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The end of money: Imagining a cashless society with author David Wolman

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(flickr/Dawn Hartman)
Cash, it seems, is inescapable. Even as it becomes less vital to our global economy, even as our transactions become steadily more digital, society still has a difficult time separating the nebulous concept of "money" from the physical concept of "cash." As noted New York-based think-tank The Wu-Tang Clan once said, “cash rules everything around me.”

But all that may be changing.

Sweden (with the help of ABBA’s Bjorn Ulvaeus) is making great strides to become the world’s first cashless society. And, if a majority of Americans have their say, we may not be far behind.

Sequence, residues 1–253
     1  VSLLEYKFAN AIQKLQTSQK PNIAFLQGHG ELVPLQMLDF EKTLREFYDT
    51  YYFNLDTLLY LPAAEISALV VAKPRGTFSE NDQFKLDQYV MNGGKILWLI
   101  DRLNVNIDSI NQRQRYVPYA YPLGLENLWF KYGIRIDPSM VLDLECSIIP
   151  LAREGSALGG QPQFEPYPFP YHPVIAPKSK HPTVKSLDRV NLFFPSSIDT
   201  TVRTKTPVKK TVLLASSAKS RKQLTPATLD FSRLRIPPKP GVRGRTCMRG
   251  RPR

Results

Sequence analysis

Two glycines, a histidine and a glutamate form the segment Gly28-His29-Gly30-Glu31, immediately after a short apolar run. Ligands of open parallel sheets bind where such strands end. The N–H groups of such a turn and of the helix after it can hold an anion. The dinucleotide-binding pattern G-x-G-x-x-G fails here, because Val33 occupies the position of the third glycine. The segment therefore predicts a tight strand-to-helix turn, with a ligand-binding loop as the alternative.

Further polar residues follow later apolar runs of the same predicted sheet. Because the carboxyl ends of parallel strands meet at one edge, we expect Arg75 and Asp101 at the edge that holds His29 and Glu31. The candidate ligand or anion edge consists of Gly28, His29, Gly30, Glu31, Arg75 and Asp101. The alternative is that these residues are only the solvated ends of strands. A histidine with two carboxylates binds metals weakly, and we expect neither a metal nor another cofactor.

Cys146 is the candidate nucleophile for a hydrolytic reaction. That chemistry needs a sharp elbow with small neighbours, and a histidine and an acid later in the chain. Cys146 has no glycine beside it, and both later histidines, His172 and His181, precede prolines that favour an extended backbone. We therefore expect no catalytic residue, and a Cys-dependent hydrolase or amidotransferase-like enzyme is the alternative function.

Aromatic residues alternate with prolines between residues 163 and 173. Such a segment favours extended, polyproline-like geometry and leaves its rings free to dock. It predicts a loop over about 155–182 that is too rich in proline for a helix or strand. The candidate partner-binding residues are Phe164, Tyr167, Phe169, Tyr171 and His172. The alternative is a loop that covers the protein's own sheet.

Contributing editor for Wired David Wolman decided to beat everyone else to the punch. In the process of writing his new book The End of Money, Wolman lived a cashless existence for an entire year, and while he ran into some stumbling blocks along the way, the experience only helped support his theory that cash is an outdated mode of commerce.

Friday on Eight Forty-Eight we’ll talk with Wolman about living in a world free from paper bills and coins. Does a society without cash equal a society without privacy? Are there any advantages to living cash-free now? And will the end of currency mean the end of the world?

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